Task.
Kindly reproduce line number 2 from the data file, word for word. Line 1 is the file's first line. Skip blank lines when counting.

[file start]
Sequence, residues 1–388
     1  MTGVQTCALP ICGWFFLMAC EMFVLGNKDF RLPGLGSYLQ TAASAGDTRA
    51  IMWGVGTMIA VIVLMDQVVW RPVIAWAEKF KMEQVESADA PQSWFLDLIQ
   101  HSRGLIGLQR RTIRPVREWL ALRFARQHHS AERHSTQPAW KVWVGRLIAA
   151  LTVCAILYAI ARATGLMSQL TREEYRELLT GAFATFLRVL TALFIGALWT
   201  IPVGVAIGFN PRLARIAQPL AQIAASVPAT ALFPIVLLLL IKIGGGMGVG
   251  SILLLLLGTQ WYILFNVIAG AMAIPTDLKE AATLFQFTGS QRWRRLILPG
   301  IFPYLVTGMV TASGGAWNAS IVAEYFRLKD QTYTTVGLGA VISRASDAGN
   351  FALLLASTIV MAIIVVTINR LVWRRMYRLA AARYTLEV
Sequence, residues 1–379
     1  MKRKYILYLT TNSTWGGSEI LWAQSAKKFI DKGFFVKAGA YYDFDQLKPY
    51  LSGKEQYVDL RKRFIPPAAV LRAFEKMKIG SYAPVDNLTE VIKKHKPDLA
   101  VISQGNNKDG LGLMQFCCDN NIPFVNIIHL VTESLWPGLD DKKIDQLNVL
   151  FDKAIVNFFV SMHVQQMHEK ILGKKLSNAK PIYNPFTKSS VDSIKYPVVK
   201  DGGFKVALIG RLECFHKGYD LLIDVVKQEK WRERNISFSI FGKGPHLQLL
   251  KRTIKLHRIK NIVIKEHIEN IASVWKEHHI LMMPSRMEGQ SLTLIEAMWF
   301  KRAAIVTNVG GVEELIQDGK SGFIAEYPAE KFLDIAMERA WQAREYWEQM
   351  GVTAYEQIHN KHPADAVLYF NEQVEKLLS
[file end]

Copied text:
     1  MTGVQTCALP ICGWFFLMAC EMFVLGNKDF RLPGLGSYLQ TAASAGDTRA